The college’s motto, ‘God has made of one blood all peoples of the earth’, speaks to its inclusive nature.
Once accepted into the college, students are required to work a minimum of 10 hours a week, in a range of jobs around campus from administration duties to growing food on the farm to working in the forest. They are evaluated on their abilities in communication, supervision, teamwork, punctuality and their basic work skills, with reports compiled for potential employers.
“There are no exceptions,” Lyle says. “We have students working pretty much everywhere on campus; there are not many areas we regard as beyond the ability of our students.
“We also don’t regard our students as incapable of taking on what some might consider dangerous tasks. I’ve seen our students operating chainsaws on the grounds, for example. Of course, we train them well, but we have confidence that they are capable young men and women who appreciate having responsibility and learning real work.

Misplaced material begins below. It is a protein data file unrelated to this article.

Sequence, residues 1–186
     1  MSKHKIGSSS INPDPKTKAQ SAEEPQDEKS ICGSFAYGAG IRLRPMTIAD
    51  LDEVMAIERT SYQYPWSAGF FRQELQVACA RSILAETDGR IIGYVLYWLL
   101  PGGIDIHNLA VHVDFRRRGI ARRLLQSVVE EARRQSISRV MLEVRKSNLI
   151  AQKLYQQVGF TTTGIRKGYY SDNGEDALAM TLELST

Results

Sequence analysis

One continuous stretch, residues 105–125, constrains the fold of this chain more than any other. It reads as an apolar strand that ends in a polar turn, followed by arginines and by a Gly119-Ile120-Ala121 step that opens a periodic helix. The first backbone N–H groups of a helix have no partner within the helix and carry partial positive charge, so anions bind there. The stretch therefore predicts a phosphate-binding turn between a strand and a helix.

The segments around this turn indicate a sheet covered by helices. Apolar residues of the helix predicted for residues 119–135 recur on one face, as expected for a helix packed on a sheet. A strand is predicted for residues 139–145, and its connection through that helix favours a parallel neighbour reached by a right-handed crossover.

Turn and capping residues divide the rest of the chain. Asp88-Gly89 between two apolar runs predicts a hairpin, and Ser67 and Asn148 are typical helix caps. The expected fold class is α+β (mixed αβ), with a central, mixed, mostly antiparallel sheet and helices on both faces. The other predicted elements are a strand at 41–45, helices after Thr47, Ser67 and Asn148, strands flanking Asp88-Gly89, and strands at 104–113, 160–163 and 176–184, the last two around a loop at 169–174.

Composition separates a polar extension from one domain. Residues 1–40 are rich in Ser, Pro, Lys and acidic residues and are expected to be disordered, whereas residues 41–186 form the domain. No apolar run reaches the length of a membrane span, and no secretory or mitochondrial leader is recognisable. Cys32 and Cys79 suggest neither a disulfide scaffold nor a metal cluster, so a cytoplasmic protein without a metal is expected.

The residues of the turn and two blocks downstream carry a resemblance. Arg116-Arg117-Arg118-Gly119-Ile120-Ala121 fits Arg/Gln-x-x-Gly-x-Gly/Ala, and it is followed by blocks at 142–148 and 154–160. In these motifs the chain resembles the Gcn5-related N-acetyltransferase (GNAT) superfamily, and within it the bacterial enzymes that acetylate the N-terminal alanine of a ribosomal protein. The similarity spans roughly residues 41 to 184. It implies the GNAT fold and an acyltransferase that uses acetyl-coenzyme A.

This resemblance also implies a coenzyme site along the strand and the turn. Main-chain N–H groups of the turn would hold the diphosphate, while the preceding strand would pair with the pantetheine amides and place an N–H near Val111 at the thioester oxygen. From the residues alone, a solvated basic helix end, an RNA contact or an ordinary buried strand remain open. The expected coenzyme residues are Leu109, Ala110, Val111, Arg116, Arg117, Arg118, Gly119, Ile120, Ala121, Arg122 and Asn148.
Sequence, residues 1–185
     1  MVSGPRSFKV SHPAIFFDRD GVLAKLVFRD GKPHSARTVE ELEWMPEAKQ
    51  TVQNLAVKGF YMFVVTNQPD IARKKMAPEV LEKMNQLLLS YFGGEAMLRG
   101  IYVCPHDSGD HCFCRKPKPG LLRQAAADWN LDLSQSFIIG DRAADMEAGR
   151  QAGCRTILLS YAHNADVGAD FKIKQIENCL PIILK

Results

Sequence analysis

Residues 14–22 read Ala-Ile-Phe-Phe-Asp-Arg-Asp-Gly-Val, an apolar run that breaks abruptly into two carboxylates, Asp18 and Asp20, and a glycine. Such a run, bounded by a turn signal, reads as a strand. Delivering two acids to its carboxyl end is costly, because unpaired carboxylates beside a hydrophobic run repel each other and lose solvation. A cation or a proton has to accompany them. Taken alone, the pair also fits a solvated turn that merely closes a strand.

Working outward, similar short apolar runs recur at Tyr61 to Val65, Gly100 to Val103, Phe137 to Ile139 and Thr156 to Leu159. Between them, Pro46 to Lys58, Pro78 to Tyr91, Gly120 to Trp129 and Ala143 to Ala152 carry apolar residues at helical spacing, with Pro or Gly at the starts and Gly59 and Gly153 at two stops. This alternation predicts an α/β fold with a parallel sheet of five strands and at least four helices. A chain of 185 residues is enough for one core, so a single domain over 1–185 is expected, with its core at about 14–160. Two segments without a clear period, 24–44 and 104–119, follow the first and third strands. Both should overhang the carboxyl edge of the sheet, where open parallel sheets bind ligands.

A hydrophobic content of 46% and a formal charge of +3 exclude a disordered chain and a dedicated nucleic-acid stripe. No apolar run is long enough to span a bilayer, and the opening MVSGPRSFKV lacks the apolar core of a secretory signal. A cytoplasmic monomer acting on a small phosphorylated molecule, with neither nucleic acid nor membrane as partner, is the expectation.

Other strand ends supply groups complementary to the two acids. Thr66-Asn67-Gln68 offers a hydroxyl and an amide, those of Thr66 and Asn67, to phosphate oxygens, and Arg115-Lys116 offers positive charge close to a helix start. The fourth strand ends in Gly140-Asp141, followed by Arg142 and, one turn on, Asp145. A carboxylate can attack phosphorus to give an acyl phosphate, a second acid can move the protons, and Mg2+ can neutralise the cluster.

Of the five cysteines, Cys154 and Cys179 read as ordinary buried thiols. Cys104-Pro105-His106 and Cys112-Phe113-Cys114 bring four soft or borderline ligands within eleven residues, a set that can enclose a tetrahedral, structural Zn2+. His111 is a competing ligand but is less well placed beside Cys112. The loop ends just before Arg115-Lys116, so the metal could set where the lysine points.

Many students also take on secondary positions, ranging from two to five additional hours, to earn extra income or to gain experience in a particular area they are interested in but didn’t succeed in getting into.”
Unlike most Berea students, Lyle was raised in a middle-class environment, although he worked from seventh grade on to save money for college.
“That awareness, of needing to work for whatever benefits you might hope to receive in the future, was part of my upbringing, and I appreciate how Berea students are willing to take on their responsibilities in the work program, even though they will sometimes point out that their friends at other schools don’t have to work,” he laughs.
Lyle adds that students coming out of poverty often have had to deal with very tough challenges, having experienced what are called adverse childhood experiences (ACEs), which can lead to health consequences and perpetuated dysfunctionality later in life.
“Growing up, ACEs were not a part of my life, and I’m open with them about the privileges I had. All I can really do is just be amazingly impressed by our students overcoming what they’ve experienced and let them know how much I admire them for what they have achieved.”